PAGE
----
Michael Millman - Millman Research Associates

So this will sort of flow out by next month, I guess, is bottom line of that? And can you talk about -- particularly the Schedule C problem that a lot of preparers are seeing. Is this even a greater concern, I guess a fraud concern, online?

Brad Smith

Michael, honestly, I don't have a lot of details on the Schedule C filing challenges. So we can follow up with you offline on that.

Michael Millman - Millman Research Associates

Broadly, are you seeing fraud problems?

Brad Smith

We have heard nothing to that effect through our client base, on the accountant professional side or on the consumer side.

Operator

Our next question comes from Gil Luria of Wedbush Securities.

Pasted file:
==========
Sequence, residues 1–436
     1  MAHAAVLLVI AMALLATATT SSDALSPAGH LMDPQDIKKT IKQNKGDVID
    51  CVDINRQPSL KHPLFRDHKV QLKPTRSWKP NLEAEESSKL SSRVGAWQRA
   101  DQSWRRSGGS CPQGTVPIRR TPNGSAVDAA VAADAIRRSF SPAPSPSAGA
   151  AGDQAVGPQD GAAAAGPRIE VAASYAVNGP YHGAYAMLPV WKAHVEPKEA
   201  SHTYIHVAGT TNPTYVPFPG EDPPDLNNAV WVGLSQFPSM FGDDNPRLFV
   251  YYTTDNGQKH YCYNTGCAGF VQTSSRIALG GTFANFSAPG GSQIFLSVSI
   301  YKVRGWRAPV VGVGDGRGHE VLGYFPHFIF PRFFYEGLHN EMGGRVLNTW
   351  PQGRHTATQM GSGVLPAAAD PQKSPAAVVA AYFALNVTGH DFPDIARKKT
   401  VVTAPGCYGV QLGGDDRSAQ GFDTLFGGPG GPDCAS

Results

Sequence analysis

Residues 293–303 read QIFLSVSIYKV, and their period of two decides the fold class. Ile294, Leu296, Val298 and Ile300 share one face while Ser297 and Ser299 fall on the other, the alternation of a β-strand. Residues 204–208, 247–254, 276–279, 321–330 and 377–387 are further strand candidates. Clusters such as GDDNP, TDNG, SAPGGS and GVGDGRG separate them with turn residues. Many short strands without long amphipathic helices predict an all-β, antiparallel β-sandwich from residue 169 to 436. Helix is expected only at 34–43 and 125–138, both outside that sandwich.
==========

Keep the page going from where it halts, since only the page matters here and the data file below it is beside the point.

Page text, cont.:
Nick Setyan - Wedbush Securities Inc.

This is Nick Setyan for Gil. Just a quick question on Payments regulation. How do you see -- there have been an interchange regulation impacting your Payments business?

R. Williams

This is Neil. Clearly, it's something we've got to watch out and we're thinking a lot about and doing some planning for the summer. But the debit business is about 20% of our total, and only about 10% of our overall revenue in payments. So it's going to have an impact, we have to watch carefully, but it's not going to be a huge impact for our Payments business is the assessment we have right now.

Operator

Our next question comes from Yun Kim of Gleacher & Company.

Yun Kim - Gleacher & Company, Inc.

So can you just talk about the accelerating growth coming out of your QuickBooks Enterprise Solutions business? What is driving that growth and how are you marketing that product to the marketplace? We just haven't heard too much about that. It's been showing pretty strong growth. And also something like what percentage of your Enterprise customers are upgrades from traditional QuickBooks install base, and is there any margin profile difference between Enterprise versus the core QuickBooks business?

Brad Smith